Archive for January, 2009

Grim Japan, U.S. figures show world crisis deepening (Reuters)

Friday, January 30th, 2009 | Finance News

LONDON (Reuters) –
Japan sank deeper into recession with industrial output tumbling at a record pace and inflation near zero, while data was expected to show the U.S. economy contracting at its fastest rate in 26 years.

As the world global economic crisis deepened, Euro zone unemployment hit 8.0 in December while inflation fell to a near 10-year low of 1.1 percent, Eurostat said on Friday, heightening expectations the European Central Bank, will slash interest rates in March.

British mortgage lending in December came off all-time lows to rise three times faster than expected, in what could be an early indication banks have started to lend again after capital injections from the government.

However, the trend was far from global. In Australia, private sector credit shrank in December for the first time since 1992 as foreign banks cut lending.

Japanese GDP figures in February are now expected to show its economy shrinking at a double-digit rate after industrial production fell 9.6 percent in December, with companies forced to cut output as demand for cars, electronics and machinery waned, while annual core inflation slowed to just 0.2 percent.

Rising unemployment, slowing household spending and no improvement in the industrial outlook added to investors' fears Japan was flirting with deflation and would post a horror GDP figure in February if exports do not bail it out.

"It is already a consensus view that core consumer inflation will turn negative soon, but we must watch if a worsening of the economy pushes Japan into a deflationary spiral even though the Bank of Japan sees no signs of that happening right now," said Tatsushi Shikano, senior economist at Mitsubishi UFJ Securities.

Worsening economic conditions could see drastic measures from central banks seeking inventive ways to support economies and help credit markets that are starving companies of cash.

HSBC, Europe's biggest bank and one of the few major banks that has not needed government support, said fair value accounting and capital adequacy rules had worsened the financial crisis, and called for a new set of principles and rules to boost financial market transparency.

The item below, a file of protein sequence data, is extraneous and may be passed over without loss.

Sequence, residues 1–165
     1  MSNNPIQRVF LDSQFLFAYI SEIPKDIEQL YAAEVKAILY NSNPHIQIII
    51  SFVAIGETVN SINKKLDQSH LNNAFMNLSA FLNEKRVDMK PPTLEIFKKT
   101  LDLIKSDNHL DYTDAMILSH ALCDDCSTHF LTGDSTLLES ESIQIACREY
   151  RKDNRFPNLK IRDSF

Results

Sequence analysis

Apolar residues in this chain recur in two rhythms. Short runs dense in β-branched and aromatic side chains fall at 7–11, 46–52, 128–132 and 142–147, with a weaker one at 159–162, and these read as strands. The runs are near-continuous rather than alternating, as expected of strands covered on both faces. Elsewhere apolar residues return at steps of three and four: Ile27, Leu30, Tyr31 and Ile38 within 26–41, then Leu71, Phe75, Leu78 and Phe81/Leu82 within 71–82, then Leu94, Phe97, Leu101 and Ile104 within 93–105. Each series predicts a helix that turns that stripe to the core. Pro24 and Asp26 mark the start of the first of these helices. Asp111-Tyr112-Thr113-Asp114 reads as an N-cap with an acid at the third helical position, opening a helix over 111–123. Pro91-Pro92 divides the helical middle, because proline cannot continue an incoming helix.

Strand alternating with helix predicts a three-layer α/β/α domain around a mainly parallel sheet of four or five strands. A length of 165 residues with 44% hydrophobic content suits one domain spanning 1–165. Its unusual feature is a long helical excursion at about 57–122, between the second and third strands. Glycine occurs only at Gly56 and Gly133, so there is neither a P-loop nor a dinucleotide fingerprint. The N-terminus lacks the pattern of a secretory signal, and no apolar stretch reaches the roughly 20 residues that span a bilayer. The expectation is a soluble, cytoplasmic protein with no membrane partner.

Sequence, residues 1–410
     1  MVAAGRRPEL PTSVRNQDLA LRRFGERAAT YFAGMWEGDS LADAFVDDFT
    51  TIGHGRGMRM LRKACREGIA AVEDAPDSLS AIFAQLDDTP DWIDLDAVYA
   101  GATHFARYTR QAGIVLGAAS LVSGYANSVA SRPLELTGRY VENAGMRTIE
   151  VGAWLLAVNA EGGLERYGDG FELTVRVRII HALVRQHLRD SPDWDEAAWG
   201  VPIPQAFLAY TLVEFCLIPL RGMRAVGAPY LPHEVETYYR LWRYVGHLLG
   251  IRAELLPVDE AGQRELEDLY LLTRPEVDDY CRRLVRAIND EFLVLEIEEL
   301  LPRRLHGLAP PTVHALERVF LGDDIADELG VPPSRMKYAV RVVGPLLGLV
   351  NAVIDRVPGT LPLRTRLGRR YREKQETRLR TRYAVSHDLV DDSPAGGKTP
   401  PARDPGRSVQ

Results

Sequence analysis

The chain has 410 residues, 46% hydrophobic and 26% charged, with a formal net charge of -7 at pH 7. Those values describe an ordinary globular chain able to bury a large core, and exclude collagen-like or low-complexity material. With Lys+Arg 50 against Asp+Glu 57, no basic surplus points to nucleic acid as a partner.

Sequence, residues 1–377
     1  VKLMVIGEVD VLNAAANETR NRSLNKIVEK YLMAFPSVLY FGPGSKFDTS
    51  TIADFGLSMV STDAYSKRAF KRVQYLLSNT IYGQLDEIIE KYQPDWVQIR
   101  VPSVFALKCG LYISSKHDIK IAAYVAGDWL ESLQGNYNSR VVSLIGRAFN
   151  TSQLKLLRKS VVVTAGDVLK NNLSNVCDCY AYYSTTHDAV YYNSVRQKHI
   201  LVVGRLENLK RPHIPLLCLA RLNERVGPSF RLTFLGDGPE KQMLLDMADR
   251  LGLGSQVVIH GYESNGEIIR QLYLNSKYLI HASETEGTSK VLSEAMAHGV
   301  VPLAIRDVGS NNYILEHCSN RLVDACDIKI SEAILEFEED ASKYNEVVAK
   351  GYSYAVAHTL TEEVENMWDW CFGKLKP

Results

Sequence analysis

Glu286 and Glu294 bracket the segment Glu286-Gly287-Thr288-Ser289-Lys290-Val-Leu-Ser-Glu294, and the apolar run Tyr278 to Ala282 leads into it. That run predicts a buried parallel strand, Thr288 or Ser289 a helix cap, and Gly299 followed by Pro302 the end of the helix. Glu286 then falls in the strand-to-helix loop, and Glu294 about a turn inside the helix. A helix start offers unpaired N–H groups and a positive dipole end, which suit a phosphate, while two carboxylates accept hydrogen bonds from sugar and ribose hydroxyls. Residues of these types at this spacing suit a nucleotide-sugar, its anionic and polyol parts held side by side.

Chairman Stephen Green said: "Business needs to co-operate with government and regulators in the creation of a new global marketplace for all industries and consumers."

U.S. SHRINKING

More bad news was expected in the United States on Friday.

Economists think the U.S. Commerce Department will report fourth-quarter gross domestic product, the broadest measure of economic activity, shrank an annualized 5.4 percent.

Figures on Thursday showed new U.S. single-family home sales fell 14.7 percent in December to an all-time low. The number of Americans receiving unemployment benefits jumped to a record 4.78 million in mid-January and first-time filings also rose.

U.S. President Barack Obama is seeking to get a $819 billion stimulus plan through the Senate, following its passage through the House of Representatives this week, before mid-February.

British mortgage lending rose three times as fast as expected in December, an early indication banks have started to lend again after capital injections from the government.

Despite the rise in British mortgage lending, UBS economist Amit Kara said the housing market remained tough.

"It's clearly better than expected, but it's important to remember that we are coming off all-time lows. These numbers are consistent with further pretty sharp falls in house prices.

In Australia, Reserve Bank of Australia figures showed total credit fell 0.3 percent in December, well below a forecast 0.5 percent rise, fuelling expectations the central bank would announce another hefty interest rate cut next week.

Economists said the surprise figure strengthened the case for a second stimulus package in Australia, accelerated income tax cuts and increased government spending.